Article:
1. I had trouble sleeping last night, so I'm fairly cranky and all; but if the neighbor wants the tree branch down, isn't that on her to accomplish? If I recall correctly, from my house owning days, she has the right to take down a branch that's in her air space, but you are not obligated to go do it. Dropping large branches is generally not something a homeowner should do, and if you wipe out the roses you'll never hear the end of it.

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  2. Yeah, one would think so, but sometimes it's just easier to take care of something than haggle about it. I paid a guy to take the branch down yesterday. No god particles popped out or anything.

    By the way, I just saw that cool picture of the Great Wheel of Seattle on your blog. That's the first I've even heard of this great wheel. Really, am I that far out of the loop? Apparently, yes. :-)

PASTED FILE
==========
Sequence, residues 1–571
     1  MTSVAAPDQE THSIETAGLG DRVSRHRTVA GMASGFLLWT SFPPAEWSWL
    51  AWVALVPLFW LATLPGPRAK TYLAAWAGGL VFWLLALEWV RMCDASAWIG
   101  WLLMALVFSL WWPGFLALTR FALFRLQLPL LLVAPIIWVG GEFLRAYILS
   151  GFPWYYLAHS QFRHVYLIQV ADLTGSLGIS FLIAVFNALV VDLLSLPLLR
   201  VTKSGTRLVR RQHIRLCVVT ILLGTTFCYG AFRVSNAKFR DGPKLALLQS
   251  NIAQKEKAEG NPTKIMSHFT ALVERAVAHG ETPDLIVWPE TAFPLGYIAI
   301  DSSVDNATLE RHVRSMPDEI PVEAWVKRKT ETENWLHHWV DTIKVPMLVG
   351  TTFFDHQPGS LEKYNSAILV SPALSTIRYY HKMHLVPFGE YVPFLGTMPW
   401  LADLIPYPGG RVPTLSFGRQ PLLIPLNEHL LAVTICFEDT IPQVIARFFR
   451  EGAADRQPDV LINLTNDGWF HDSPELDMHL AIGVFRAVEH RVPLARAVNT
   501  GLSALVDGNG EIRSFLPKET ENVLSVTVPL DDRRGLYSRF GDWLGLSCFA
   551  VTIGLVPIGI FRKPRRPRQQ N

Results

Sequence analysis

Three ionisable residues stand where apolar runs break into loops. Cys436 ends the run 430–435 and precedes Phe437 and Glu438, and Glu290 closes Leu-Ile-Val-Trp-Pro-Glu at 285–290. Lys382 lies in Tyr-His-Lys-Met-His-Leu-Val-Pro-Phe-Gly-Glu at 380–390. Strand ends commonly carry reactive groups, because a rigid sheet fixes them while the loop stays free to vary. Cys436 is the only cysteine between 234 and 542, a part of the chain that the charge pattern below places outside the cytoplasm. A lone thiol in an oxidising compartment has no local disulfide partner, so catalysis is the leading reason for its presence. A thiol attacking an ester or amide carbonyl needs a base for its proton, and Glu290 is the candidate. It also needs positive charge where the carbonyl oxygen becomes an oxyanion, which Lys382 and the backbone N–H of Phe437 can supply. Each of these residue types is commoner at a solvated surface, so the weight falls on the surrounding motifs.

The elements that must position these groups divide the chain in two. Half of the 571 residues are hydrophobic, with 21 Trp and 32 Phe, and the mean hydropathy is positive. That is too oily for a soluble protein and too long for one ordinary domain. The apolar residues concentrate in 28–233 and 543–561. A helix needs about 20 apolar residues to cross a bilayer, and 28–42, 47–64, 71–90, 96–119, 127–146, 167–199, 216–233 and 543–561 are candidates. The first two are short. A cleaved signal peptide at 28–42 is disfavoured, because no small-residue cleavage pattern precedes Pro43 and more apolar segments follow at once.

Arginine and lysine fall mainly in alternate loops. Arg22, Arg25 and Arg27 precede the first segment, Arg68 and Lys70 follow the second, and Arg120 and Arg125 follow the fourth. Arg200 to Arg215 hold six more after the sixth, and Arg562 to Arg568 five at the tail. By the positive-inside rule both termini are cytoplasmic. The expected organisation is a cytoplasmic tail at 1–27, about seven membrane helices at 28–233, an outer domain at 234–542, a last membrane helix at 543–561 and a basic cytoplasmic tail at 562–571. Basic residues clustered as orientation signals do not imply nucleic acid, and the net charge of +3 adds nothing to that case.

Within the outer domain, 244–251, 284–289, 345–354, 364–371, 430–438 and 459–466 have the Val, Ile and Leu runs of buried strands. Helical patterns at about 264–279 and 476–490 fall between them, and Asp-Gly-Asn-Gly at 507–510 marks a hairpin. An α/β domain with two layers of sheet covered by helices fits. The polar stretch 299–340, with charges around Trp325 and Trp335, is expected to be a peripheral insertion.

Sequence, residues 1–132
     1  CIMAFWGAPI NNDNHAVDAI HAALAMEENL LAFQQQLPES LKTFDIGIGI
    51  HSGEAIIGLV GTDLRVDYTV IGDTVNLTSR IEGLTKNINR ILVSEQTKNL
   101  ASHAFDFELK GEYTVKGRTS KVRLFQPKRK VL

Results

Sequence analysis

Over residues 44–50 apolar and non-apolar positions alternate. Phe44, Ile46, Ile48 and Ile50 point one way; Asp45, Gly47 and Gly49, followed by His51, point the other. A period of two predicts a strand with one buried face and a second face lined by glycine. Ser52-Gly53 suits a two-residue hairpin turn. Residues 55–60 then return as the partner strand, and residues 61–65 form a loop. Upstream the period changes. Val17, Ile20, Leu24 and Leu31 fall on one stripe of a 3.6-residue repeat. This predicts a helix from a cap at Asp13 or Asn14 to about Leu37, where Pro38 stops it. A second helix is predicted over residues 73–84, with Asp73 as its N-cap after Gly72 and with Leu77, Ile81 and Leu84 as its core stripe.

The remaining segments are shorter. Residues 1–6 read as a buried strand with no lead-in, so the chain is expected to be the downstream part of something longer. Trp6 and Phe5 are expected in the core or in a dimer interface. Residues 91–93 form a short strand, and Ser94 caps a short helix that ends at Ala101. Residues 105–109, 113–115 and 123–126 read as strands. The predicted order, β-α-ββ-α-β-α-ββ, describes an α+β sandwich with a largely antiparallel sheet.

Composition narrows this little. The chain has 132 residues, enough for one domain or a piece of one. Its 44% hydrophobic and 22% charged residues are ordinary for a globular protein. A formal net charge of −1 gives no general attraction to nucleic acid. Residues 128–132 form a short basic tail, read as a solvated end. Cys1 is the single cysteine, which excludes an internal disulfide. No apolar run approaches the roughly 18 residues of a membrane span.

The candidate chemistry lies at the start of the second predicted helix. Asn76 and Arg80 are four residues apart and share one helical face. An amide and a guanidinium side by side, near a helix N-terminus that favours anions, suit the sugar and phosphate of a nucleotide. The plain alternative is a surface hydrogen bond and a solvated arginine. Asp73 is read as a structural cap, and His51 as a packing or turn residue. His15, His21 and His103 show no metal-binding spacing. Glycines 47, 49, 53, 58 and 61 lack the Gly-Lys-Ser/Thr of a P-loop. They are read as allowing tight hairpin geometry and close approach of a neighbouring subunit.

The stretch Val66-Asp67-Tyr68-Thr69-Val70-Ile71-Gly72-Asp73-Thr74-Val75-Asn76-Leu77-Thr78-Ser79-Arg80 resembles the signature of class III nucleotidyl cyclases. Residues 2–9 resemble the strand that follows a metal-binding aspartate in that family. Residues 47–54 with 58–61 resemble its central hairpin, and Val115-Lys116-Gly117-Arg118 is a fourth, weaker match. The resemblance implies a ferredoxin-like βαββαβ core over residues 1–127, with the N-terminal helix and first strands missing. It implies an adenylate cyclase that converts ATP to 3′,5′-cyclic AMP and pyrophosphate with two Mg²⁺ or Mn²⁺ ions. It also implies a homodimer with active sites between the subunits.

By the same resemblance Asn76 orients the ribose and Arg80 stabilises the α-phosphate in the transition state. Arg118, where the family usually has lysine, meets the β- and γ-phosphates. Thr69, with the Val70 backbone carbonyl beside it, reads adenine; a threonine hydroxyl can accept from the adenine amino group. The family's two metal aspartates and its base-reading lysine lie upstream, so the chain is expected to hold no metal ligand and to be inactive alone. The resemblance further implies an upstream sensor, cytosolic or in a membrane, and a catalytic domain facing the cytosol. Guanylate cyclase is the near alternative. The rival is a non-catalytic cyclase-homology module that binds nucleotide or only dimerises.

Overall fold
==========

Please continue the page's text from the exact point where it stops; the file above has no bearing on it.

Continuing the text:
Enjoy your time in the PNW!

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  3. Good fences make good neighbours I've heard...as well as not answering the phone.

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  4. Why hasn't anybody been pre-ordering! I'd love to have survival flash cards!

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  5. I am so thankful for answering machines! I'd be even more thankful for call-display except I'm too cheap to pay for it.

    The flash cards are the kind of thing you could do a wonderfully dry-witted job on. Have you seen the Worst Case Scenario Survival Handbook series?

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    Replies
    1. I know, about answering machines! Although, it would almost be better without them, right?

      I have seen that series. Crazy! I don't know how those people managed to spend so much time thinking about such horrible possibilities... But thanks for the encouragement. Hope you're having a good summer.

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  6. that was awesome and i need the cards! also, do you have a post or list anywhere that turns one towards all the lovely podcasts you would recommend? thanks mailbox mate :)